If you or a loved one is suffering from a painful addiction to drugs or alcohol, it may feel as though there is no hope in sight. Despite this feeling, you are not alone. Nearly 21 million people in America today also suffer from substance abuse.
As more and more research is done on addiction, professionals learn more and more about ways to treat the condition every day. Dialectical behavior therapy (DBT) is just one of the many very effective ways to help someone struggling with substance abuse.
It is important to look at all available options when treating someone with addiction issues. DBT is a well-respected treatment that is available at many quality rehab centers, including those in Arizona.
Dialectical Behavior Therapy for Addiction Treatment
Dialectical behavior therapy (DBT) is a method of treating addiction. It is very similar to cognitive behavioral therapy (CBT). Created by a psychologist over three decades ago, this method of treatment focuses not only on a patient’s current substance misuse but also on their personal journey and struggles.
In addition to substance abuse, DBT also treats mental health issues. Mental illness and drug addiction often go hand-in-hand. According to the Substance Abuse and Mental Health Services Administration, there are an estimated 8 million American adults who suffer from both mental illness and substance abuse; this equates to about 40% of all people who have an addiction to drugs or alcohol. Dialectical behavior therapy has proven to be one of the most effective ways of treating addiction for those who also have another co-occurring mental illness.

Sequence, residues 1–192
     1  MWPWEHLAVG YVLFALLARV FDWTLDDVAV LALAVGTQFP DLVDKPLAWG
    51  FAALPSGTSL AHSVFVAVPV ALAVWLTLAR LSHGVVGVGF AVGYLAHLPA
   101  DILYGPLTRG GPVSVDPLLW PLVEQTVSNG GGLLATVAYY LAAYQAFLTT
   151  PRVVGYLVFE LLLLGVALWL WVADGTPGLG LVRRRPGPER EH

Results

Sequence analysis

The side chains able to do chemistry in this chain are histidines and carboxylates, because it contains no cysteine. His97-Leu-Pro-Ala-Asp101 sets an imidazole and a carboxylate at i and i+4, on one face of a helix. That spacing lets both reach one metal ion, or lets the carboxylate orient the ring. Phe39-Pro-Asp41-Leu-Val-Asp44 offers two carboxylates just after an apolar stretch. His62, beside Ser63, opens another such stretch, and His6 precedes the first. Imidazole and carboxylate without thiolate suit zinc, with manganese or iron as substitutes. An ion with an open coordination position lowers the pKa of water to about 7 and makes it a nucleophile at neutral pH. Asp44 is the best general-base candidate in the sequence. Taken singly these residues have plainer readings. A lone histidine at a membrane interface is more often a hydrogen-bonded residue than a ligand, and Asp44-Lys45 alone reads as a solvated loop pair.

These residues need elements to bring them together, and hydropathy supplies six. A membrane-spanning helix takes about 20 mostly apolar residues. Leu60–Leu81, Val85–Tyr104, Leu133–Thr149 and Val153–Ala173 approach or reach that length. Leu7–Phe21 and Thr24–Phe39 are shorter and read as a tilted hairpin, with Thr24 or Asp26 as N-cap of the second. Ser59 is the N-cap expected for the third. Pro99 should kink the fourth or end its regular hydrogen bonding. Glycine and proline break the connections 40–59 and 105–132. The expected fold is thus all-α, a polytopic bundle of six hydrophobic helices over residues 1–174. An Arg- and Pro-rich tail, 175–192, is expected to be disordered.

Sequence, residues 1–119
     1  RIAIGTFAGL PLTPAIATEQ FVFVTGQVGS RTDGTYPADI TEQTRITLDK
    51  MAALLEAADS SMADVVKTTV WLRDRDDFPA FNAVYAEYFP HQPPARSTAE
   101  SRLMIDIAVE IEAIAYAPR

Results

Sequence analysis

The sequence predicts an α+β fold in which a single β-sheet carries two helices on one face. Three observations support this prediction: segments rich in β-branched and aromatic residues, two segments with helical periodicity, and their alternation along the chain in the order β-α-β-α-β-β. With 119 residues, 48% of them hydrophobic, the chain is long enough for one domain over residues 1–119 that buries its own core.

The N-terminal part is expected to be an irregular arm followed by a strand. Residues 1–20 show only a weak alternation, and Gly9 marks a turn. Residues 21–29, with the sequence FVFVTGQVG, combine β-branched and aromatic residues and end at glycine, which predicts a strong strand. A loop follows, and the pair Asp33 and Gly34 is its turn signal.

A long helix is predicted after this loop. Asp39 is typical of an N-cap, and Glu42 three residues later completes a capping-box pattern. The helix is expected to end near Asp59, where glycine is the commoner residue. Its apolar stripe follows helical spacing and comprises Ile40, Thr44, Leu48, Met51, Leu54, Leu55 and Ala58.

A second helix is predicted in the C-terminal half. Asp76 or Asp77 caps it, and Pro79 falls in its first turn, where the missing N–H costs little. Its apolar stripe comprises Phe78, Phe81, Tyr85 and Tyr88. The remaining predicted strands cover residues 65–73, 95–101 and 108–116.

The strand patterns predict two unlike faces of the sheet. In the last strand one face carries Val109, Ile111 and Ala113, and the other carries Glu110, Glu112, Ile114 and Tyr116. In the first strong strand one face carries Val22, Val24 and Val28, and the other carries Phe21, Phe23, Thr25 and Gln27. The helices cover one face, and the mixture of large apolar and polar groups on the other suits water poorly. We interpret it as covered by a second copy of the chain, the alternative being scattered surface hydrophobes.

DBT’s core concepts come from cognitive behavioral therapy. With CBT, the basic principle is that thoughts and perceptions directly affect behavior. Behavior is something that is learned through experiences. According to CBT, it can also be unlearned. The goal with CBT is to identify the thoughts and actions that are contributing to substance abuse, work with a therapist to learn new beliefs, begin to form new opinions about things, and finally change negative behaviors into healthier ones.
The difference with DBT is that it places more focus on dialectics, which encompasses the ideas that everything is connected, change is constant, and that balance can be found in even the most opposing forces. The two primary concerns of DBT are to stabilize emotional vulnerability and to find validation in one’s world.
DBT is done both in a private setting, between you and your therapist, as well as in a group atmosphere. During your private sessions, there are not usually any other people present unless they are a critical part of your therapy session. You will need to develop a very close, trusting relationship between you and your therapist during these sessions in order to truly go through the therapeutic process.
You will likely meet your therapist once or twice per week on an individual basis. If you participate in group therapy, it is typically held once a week. Group therapy is incredibly beneficial for many people. It allows you to be amongst peers who are going through similar struggles; this can be very validating and healing. During group therapy, you can also build a network of people to support you and that you can support when times are hard.
How DBT Treats Substance Abuse